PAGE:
Meeting hears smaller island States issues

The smallest of the island states need more financial investment and help from the United Nations, says Tuvalu’s permanent representative to the U.N, Samelu Laloniu.

Mr. Laloniu is part of the SAMOA Pathway meeting held in Apia this week.

In an interactive session for delegate to raise issues they are facing, he told the gathering how his small nation of 10,000 people cannot attract investment with such a small economic base.

Mr. Laloniu said he wants the U.N. and its department of economics and social affairs (U.N.D.E.S.A.) to help bring small islands like his together under one economic umbrella for sub-regional projects to help them access big grants. 

He told the Samoa Observer donor countries and private sectors aren’t interested in investing in a small economy like Tuvalu.

“The economies of scale are just not there. Having a project of all the micro-States together to bring the population up might bring the scale that private investors would like to get involved,” he said.

Civil aviation and shipping are two areas which small island states cannot provide without investment, he said.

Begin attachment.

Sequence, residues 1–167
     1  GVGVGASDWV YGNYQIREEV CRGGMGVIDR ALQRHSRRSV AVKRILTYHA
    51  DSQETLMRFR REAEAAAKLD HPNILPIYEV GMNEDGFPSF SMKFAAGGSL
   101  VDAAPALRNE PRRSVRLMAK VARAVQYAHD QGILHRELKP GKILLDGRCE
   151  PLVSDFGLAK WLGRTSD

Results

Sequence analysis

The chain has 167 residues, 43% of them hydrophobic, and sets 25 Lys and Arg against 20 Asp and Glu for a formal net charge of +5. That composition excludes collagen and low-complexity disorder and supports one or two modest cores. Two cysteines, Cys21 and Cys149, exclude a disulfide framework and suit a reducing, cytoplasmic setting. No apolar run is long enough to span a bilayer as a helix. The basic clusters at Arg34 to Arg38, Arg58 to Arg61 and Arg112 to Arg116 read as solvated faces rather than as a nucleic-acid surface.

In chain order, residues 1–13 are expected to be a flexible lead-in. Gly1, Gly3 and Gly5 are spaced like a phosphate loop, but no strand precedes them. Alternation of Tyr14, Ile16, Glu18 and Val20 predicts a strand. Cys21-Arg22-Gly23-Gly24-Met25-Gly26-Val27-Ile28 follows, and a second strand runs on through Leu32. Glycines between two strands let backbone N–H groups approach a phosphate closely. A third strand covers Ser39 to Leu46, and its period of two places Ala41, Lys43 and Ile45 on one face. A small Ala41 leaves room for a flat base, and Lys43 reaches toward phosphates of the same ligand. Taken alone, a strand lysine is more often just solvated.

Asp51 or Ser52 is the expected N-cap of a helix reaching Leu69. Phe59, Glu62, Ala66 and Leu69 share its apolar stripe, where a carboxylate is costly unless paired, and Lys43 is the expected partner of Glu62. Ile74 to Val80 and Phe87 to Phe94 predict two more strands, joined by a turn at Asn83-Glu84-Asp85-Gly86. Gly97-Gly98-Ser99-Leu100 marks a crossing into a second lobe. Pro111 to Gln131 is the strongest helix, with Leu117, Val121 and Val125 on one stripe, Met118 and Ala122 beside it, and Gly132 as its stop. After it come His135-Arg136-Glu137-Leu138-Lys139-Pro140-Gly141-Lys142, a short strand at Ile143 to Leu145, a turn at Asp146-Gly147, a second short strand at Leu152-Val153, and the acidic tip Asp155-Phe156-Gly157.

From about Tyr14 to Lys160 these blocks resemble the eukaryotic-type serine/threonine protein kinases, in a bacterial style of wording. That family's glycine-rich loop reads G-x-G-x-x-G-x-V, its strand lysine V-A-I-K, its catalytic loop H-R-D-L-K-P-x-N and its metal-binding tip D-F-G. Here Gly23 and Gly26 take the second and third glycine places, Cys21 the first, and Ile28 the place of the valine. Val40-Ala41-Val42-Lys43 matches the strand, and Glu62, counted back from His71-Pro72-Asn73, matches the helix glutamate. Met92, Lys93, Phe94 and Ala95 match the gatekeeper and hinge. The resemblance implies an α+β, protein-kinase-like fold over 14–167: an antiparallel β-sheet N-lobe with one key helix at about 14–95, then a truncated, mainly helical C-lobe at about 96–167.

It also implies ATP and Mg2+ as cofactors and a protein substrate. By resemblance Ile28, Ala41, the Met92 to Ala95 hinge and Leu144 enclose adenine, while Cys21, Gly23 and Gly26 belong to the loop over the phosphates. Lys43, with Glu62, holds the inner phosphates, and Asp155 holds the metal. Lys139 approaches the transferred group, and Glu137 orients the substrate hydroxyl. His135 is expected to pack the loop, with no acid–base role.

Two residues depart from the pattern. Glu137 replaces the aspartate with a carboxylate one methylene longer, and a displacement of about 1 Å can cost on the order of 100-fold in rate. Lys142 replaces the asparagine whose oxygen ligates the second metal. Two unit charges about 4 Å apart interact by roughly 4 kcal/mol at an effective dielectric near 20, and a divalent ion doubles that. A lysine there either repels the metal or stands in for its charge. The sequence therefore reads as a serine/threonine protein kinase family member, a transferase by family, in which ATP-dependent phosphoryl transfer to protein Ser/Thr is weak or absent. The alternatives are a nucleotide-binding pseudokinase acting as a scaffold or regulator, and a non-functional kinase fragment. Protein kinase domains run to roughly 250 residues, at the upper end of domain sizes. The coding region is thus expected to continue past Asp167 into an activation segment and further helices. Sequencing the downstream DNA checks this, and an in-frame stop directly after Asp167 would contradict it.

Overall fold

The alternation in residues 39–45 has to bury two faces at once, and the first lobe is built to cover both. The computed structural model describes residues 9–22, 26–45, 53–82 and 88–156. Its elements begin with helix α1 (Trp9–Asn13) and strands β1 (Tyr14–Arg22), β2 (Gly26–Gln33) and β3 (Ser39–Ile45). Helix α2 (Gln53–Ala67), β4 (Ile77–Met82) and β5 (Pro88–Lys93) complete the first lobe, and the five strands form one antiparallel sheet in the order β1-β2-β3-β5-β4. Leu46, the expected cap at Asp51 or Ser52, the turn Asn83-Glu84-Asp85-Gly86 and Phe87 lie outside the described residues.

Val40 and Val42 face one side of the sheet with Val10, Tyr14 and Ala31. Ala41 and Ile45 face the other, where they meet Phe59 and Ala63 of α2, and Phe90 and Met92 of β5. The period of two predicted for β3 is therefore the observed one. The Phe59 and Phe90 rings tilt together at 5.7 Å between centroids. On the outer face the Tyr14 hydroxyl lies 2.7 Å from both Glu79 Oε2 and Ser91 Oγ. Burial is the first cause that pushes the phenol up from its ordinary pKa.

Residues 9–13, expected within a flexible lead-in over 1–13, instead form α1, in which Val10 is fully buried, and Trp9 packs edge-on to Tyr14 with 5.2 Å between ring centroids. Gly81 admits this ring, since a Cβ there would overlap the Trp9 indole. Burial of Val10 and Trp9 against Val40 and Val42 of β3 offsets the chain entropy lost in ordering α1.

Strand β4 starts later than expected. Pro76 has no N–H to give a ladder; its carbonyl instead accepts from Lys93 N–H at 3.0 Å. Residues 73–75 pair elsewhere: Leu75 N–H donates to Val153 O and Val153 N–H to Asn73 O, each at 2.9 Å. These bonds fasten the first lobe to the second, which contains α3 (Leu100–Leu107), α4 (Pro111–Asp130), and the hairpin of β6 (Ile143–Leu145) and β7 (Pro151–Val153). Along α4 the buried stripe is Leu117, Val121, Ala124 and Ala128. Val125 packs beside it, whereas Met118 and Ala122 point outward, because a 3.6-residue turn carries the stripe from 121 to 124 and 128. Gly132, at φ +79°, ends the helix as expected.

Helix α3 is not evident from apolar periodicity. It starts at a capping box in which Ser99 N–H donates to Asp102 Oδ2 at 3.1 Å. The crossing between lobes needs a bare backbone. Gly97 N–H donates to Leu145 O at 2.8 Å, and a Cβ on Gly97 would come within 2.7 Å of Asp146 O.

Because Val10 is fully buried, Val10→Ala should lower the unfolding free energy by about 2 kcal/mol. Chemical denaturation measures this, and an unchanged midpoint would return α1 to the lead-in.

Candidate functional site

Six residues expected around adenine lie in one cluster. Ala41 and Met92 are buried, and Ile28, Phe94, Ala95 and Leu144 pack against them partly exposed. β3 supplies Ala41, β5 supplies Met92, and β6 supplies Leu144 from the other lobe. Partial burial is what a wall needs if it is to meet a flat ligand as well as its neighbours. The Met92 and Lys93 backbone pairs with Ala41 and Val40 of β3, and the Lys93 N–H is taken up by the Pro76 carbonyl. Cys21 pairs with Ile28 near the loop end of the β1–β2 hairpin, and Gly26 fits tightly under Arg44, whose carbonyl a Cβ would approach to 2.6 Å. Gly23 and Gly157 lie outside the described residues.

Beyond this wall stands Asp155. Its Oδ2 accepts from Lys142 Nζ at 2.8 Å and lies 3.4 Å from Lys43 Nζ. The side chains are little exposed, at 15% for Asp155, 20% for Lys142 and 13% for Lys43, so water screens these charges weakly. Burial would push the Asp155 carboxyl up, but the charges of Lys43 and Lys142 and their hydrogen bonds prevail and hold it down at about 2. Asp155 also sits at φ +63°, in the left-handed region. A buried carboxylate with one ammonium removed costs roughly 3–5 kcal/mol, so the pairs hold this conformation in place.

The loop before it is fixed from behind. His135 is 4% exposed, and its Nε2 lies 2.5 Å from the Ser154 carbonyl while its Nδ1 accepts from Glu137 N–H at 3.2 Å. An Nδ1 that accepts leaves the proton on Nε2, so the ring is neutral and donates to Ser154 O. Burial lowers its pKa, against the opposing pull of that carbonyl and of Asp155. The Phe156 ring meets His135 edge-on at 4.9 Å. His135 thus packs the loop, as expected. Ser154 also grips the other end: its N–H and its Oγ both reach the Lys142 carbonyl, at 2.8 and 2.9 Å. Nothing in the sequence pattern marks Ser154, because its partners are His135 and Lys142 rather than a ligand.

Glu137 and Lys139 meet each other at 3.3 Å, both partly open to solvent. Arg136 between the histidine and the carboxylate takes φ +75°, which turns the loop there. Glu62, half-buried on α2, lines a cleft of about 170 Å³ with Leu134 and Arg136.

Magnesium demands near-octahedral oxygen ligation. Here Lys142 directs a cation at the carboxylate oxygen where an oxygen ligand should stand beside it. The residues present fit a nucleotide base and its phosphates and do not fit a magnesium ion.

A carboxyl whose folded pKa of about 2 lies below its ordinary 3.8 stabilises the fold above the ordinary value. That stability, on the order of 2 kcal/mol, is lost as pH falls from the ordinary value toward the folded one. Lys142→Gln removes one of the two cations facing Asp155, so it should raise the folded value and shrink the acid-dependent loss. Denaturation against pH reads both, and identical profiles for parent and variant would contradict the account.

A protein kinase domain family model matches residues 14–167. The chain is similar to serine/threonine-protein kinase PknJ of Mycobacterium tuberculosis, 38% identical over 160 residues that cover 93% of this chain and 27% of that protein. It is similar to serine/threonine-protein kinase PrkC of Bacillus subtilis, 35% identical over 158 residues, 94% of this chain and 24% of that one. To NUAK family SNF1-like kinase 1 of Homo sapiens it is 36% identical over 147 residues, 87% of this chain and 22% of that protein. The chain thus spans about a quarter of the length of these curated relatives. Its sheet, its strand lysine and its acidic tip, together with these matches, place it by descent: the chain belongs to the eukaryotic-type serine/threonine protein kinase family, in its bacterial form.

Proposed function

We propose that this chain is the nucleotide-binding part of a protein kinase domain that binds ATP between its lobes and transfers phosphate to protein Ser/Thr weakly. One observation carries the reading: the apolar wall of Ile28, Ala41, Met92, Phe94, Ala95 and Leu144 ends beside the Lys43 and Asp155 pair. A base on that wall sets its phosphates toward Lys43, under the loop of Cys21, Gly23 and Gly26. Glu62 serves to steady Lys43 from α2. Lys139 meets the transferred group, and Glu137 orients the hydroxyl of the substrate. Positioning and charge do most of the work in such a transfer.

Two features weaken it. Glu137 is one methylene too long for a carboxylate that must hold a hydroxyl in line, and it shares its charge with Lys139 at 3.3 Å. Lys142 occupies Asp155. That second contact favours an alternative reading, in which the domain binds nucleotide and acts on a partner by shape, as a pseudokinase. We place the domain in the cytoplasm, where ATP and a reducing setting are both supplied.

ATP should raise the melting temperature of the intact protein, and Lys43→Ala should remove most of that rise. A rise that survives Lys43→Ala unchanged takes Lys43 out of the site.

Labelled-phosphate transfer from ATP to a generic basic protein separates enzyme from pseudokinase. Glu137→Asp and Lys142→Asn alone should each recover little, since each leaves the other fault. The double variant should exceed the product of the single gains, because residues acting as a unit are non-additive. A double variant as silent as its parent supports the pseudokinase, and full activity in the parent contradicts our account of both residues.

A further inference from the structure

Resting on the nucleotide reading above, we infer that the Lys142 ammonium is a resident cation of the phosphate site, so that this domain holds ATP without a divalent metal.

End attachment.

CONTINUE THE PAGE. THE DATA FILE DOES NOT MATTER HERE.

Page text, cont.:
“The U.N. knows very well, but this is not well reflected in the current draft of the SAMOA Pathway,” he said.

“In their work, in New York, I hope they are mindful of the need to bring micro-states together for the economy of scale.”

The smaller island states are Tuvalu, Cook Islands, Kiribati, Niue, Marshall Islands, Nauru, Palau, and the Federated States of Micronesia 

From Mr. Laloniu’s perspective, it is all a matter of sitting down as the smaller islands and agreeing on a project and having it progress through the U.N. system. 

Valentino Wichman from the Cook Islands aired similar sentiments, saying the S.I.D.S. grouping was established because of the unique vulnerabilities of the S.I.D.S.

“But there are also peculiarities for states within S.I.D.S., which are smaller than the average small island developing State,” she added.

Those nations need address those peculiarities and vulnerabilities together in some kind of forum, Ms. Wichman said.

“If you band together there is a stronger voice, and that is the point of getting a regional forum on this,” she said.

In backing up, Mr. Laloniu’s point on the U.N’s role in helping the smallest islands make up a critical economic mass, Ms. Wichman said it’s their obligation to help.

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